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This whale-detection tech helps cargo ships avoid deadly crashes

Big whales aren’t good at avoiding passing cargo ships. But listening for whale songs can help ship captains know when they should slow down, so the impact isn’t deadly.

This whale-detection tech helps cargo ships avoid deadly crashes
[Photo: Benioff Ocean Initiative/courtesy Whale Safe]

For a blue whale or a humpback, being in the wrong place when a massive cargo ship moves through the ocean can mean death. Along the West Coast, alone, scientists estimate that around 80 endangered whales are struck and killed by ships each year. But a new tool could help warn captains when whales are nearby, potentially saving lives.

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Called Whale Safe, the technology uses an acoustic monitoring system with microphones mounted on the seafloor, connected to buoys with a satellite transmitter. The audio file goes through a computer program that tries to identify the species using AI, then creates a visualization of the sound that can be sent to a scientist for quick verification.

“It’s kind of like sheet music but for whale calls,” says Morgan Visalli, the lead scientist on Whale Safe at the Benioff Ocean Initiative, a program at the University of California Santa Barbara that is working on the project with several partners, including NOAA, the Woods Hole Oceanographic Institution, and others. “We call it a pitch track, and they’re very easy for these acousticians to then look at and quickly be able to say, ‘Oh, yeah, that’s definitely a blue whale call. That’s definitely a humpback whale call.'”

[Photo: NOAA Channel Islands National Marine Sanctuary]
As the system monitors for whale sounds in near real-time, it separately creates a model for blue whale movements based on conditions like the surface temperature of the water and ocean currents—essentially weather forecasting for where blue whales would likely be. The system also pulls in data from community scientists on whale-watching boats, who use an app to report sightings. All of the data are combined to create a danger rating that ships can use, indicating the level of risk that a whale is nearby. If so, ships can slow down: a slow speed, around 10 knots per hour, can dramatically reduce collisions. The team is also tracking the speed of ships to see which shipping companies are most responsive to the new alerts.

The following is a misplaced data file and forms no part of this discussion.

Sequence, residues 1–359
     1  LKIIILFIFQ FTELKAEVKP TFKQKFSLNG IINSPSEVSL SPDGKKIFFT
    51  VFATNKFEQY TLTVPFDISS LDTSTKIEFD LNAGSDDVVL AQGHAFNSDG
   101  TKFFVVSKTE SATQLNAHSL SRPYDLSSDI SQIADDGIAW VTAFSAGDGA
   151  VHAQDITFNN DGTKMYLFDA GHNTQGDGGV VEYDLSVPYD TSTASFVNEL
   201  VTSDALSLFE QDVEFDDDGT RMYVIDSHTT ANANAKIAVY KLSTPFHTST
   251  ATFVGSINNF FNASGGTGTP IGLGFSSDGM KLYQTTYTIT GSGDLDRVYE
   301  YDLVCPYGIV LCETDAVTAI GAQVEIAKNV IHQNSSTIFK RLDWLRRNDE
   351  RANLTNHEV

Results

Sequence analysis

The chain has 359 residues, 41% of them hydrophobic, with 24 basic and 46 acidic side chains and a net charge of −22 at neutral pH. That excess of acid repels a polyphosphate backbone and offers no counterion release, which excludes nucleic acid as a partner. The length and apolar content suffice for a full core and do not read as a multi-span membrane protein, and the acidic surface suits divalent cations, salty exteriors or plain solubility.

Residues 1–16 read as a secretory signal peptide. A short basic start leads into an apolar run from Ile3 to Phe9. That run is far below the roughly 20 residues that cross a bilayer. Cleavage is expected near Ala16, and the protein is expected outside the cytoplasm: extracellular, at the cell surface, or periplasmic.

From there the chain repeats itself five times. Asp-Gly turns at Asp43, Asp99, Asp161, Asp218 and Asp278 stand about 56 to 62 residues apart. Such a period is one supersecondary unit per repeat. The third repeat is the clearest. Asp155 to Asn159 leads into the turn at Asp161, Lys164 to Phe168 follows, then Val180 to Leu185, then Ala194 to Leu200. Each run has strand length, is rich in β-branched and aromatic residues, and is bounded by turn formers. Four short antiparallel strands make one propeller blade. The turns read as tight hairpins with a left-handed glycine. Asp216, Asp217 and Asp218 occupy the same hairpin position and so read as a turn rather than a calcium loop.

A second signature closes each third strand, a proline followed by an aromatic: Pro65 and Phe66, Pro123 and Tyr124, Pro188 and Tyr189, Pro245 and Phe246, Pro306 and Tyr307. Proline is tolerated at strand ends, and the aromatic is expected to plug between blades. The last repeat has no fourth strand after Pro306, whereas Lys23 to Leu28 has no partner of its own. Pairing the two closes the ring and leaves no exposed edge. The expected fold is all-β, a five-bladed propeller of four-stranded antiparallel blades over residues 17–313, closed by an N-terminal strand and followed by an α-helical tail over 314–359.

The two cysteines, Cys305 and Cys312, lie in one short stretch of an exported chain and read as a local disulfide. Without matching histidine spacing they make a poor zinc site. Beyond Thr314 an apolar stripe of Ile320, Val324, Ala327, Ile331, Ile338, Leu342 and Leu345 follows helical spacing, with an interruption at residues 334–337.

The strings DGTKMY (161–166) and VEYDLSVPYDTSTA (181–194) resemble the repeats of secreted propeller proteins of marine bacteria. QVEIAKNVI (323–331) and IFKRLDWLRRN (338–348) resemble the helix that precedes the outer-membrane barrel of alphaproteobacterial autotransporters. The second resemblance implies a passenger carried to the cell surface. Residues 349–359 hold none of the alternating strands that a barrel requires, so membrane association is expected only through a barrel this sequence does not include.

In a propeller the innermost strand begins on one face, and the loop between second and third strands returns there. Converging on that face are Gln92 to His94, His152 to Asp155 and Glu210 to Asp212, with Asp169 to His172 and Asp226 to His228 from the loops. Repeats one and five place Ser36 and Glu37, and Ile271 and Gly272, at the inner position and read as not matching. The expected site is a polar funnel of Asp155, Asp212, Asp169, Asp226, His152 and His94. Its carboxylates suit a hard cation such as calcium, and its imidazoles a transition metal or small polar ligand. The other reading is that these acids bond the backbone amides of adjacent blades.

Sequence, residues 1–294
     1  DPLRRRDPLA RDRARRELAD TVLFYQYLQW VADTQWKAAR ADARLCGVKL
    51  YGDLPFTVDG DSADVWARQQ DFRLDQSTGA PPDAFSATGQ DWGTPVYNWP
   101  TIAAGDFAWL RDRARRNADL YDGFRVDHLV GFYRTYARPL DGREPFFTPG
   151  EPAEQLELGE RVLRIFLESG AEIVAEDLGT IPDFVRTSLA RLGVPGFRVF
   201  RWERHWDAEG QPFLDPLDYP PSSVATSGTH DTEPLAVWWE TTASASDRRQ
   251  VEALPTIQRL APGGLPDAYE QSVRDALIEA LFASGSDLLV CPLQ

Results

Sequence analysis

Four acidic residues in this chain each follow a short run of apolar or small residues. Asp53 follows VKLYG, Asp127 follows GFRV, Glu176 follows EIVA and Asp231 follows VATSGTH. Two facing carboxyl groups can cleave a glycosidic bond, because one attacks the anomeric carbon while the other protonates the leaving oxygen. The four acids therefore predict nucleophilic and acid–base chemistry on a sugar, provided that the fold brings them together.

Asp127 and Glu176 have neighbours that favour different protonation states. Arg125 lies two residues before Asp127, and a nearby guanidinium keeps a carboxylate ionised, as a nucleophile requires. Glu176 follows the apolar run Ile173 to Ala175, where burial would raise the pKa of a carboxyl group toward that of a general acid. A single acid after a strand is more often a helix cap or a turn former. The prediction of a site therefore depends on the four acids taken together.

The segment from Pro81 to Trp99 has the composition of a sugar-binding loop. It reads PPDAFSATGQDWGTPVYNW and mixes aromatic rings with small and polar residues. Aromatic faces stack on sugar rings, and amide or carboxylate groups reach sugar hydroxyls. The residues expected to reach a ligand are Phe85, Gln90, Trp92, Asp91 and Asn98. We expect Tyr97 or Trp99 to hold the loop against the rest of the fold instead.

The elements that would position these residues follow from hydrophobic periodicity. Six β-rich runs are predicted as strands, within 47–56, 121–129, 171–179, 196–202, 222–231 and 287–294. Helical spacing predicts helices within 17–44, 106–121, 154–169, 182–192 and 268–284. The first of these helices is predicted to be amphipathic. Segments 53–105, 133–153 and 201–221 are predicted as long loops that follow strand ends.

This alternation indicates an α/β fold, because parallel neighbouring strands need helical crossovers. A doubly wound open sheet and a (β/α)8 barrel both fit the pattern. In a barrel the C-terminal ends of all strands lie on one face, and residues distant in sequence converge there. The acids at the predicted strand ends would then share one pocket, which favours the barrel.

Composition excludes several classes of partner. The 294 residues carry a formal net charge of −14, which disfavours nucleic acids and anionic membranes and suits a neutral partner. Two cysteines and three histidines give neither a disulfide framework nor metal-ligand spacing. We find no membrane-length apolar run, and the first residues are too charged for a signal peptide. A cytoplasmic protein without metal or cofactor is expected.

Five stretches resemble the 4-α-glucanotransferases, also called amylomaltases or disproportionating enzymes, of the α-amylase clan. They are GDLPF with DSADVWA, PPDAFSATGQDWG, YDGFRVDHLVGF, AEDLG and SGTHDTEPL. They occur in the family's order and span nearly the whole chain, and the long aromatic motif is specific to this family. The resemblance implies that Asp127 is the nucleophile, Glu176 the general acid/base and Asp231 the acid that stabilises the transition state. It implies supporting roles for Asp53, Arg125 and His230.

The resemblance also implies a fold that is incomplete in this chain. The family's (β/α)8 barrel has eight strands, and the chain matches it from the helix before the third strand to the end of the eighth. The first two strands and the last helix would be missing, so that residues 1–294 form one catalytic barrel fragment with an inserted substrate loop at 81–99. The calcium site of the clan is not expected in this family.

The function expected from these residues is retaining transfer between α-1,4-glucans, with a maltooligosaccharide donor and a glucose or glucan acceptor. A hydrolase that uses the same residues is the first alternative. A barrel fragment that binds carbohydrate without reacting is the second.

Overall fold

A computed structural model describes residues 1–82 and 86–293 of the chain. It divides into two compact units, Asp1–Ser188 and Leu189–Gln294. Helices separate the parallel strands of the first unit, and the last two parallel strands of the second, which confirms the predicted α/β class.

[Image: Nicolle R. Fuller/Sayo Studio/courtesy Whale Safe]
It’s not clear yet why whales can’t swim out of the way when a ship approaches, Visalli says, though some scientists hypothesize that as the largest creatures in the ocean, the animals didn’t evolve to recognize this type of threat. They may also be hit when feeding. “A blue whale, the largest animal that’s ever lived, can consume up to 12,000 pounds of krill in one day,” she says. “So when they’re in a good feeding spot, they are really focused on feeding and so it might be that they’re just really engaged in another behavior that doesn’t allow them to avoid the ship in time.”

[Photo: Benioff Ocean Initiative/courtesy Whale Safe]
The tech is being launched first in the Santa Barbara Channel, where shipping lanes lead to the ports of Los Angeles and Long Beach, two of the busiest ports in the world. But it could later be replicated elsewhere, since the problem is widespread. “The issue of whale-ship collisions is something that occurs all over the world, and especially in busy coastal areas where we have really important whale habitat, whether that’s feeding grounds or migration routes that can overlap with places where we have a lot of ship traffic,” Visalli says.

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About the author

Adele Peters is a staff writer at Fast Company who focuses on solutions to some of the world's largest problems, from climate change to homelessness. Previously, she worked with GOOD, BioLite, and the Sustainable Products and Solutions program at UC Berkeley, and contributed to the second edition of the bestselling book "Worldchanging: A User's Guide for the 21st Century."

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